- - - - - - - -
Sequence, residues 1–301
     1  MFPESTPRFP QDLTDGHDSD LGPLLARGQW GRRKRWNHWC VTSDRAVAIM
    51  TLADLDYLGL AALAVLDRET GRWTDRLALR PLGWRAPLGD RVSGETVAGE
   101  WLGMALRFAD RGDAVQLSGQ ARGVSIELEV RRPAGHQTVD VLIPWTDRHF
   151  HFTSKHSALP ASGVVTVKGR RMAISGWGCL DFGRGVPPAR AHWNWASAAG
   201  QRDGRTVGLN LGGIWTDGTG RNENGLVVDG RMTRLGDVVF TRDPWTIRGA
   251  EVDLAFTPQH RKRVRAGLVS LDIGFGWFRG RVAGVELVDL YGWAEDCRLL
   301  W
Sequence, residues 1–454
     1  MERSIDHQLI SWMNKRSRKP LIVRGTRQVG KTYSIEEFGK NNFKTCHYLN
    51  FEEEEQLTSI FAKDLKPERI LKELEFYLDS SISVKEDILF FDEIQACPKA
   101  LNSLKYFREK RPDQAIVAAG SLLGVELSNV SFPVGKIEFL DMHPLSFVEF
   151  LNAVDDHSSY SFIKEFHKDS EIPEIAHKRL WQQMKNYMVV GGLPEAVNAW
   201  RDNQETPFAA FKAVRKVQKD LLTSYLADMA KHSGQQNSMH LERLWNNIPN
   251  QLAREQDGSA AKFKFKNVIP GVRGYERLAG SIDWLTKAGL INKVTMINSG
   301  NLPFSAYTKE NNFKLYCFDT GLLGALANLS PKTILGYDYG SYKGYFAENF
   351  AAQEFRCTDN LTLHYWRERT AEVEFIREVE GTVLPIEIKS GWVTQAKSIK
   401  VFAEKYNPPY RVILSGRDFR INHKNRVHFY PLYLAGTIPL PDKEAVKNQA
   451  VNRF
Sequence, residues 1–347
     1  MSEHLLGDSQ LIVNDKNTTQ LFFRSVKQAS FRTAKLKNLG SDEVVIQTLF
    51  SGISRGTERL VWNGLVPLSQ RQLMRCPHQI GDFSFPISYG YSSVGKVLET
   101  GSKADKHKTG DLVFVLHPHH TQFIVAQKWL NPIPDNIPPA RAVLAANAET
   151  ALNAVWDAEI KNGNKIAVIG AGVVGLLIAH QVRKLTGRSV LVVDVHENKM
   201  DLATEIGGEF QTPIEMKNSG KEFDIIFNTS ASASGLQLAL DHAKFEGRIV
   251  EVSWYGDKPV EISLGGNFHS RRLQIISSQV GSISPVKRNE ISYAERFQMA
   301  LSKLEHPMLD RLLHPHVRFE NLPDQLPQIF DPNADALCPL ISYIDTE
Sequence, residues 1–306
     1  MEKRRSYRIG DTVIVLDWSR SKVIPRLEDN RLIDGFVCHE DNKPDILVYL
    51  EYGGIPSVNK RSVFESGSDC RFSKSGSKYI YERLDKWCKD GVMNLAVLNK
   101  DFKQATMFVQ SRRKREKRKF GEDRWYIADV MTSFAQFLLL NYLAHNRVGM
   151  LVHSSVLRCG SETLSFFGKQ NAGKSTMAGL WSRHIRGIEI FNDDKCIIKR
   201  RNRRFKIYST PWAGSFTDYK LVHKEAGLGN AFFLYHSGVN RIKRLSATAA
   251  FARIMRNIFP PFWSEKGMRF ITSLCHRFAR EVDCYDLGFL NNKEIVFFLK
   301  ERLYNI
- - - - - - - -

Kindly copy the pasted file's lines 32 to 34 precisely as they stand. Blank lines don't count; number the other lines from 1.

   151  LVHSSVLRCG SETLSFFGKQ NAGKSTMAGL WSRHIRGIEI FNDDKCIIKR
   201  RNRRFKIYST PWAGSFTDYK LVHKEAGLGN AFFLYHSGVN RIKRLSATAA
   251  FARIMRNIFP PFWSEKGMRF ITSLCHRFAR EVDCYDLGFL NNKEIVFFLK